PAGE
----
You may recall that toward the end of 2013 the 'big six' energy companies all raised their energy prices at around the same time by as much as 12%. Naturally, this prompted a public backlash and energy regulators Ofgem announced that an independent review of the energy market was to place, with talks of some of the big six companies being broken up due to a monopoly hold on the market. The Competitions and Markets Authority (CMA) were tasked with the 18 month review, and some of the results are now in...
Accounting for over 92% of the UK's entire energy market, the big six have little competition to face. Ministers and energy gurus have long since been advising customers to switch to cheaper, independent suppliers in order to make things more balanced, and while more people have switched in the past year than ever before, there's still clearly a lot of work to do. The initial concern was that Npower, British Gas, SSE, Scottish Power, E.on and EDF had a stranglehold on the market. Meaning that if they raised there prices together, there was little anybody could do to stop them. If the market was deemed 'broken' and to be having a negative effect on customers, the CMA would have it in their power to dissolve the biggest energy companies in the market.
So how the review go?
Not all of the results are in yet, but a few interesting things have surfaced from the report. The most staggering find is that between 2012 and 2014, a whopping 95% of dual fuel customers could have easily saved money by switching energy comapnies and tariffs. The savings missed range from £158 to £234 every year - nothing to be sniffed at. It's claimed that one of the reasons for this is that the big six energy firms simply are transparent enough with their offerings. Some find it ludicrously difficult to find the best deal for them, with too many 'deals' and tariffs cluttering their websites. It's far too possible for a customer to go onto one of their websites or be called by a salesperson, and stumble upon a deal which sounds good, but isn't necessarily the right one for them.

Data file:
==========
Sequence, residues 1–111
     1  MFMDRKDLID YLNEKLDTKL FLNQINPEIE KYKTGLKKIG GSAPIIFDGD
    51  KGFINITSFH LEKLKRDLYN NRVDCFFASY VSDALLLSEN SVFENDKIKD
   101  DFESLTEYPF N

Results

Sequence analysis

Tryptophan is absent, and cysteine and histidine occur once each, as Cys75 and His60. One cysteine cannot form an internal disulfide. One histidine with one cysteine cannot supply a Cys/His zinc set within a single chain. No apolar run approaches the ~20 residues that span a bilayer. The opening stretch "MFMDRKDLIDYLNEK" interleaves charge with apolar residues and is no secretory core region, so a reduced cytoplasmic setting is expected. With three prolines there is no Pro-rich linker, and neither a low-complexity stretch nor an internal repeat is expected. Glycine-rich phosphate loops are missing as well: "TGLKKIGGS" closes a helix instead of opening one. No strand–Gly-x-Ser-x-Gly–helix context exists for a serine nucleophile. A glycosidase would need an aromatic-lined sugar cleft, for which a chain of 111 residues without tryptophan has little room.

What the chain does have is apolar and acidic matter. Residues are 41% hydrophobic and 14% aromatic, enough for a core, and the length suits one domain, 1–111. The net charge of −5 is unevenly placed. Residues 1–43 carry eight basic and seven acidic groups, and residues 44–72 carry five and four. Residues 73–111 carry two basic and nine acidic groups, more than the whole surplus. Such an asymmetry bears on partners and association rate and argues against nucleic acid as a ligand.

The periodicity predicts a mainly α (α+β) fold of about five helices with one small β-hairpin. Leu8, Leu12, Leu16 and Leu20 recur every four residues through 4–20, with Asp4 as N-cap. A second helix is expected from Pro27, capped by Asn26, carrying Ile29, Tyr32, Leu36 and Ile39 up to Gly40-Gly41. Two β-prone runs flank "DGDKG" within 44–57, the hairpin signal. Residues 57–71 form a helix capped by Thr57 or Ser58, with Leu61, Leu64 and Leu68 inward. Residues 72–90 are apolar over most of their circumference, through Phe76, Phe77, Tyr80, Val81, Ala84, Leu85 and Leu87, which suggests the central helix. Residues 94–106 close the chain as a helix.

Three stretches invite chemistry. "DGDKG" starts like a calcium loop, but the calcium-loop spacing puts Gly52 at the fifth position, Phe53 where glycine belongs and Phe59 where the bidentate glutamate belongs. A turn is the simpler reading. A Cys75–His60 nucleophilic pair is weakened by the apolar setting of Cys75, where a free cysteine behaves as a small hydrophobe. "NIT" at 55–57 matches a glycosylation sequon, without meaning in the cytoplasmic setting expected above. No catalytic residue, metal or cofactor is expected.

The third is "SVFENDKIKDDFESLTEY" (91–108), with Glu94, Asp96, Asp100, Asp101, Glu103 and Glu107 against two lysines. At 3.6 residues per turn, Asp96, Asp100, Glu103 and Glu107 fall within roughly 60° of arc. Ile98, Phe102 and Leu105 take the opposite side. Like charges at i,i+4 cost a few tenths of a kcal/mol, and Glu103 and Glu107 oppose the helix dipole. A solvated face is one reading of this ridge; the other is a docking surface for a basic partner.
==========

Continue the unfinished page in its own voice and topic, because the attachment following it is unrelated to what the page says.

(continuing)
The head of consumer group, Which? put it quite nicely when he said, "Politicians and regulators have put too much faith in competition driving keener prices for consumers - this simply hasn't worked."
One of the main criticisms of the energy companies is that they're quick to raise prices when wholesale cost goes up, but very slow to reduce their prices when they come down (if they reduce them at all). The energy minister, Ed Davey, is firmly on the side of the consumer, saying that if the CMA find that evidence that the big six are 'abusing their market power', they should be broken up entirely.
"If the evidence from the CMA is strong that the next step ought to be breaking up a company, if the Competition Markets Authority recommend that, certainly I as a Liberal Democrat, talking to the voters in the next election, will make it clear, we would not flinch from taking that tough action," he told Radio 4.
Don't be a 'sticky customer'
The CMA talked of 'sticky customers', those that have been 'inherited' by the big energy companies when it privatised in the 1990's, and it found that many of these customers simply never think about changing and are missing a great opportunity to save money while also doing something positive for the marketplace in general. Are you a stick customer? If so, let us know why you've stuck with your energy company - we'd love to here from you. Tweet us @electricradiatorsdirect
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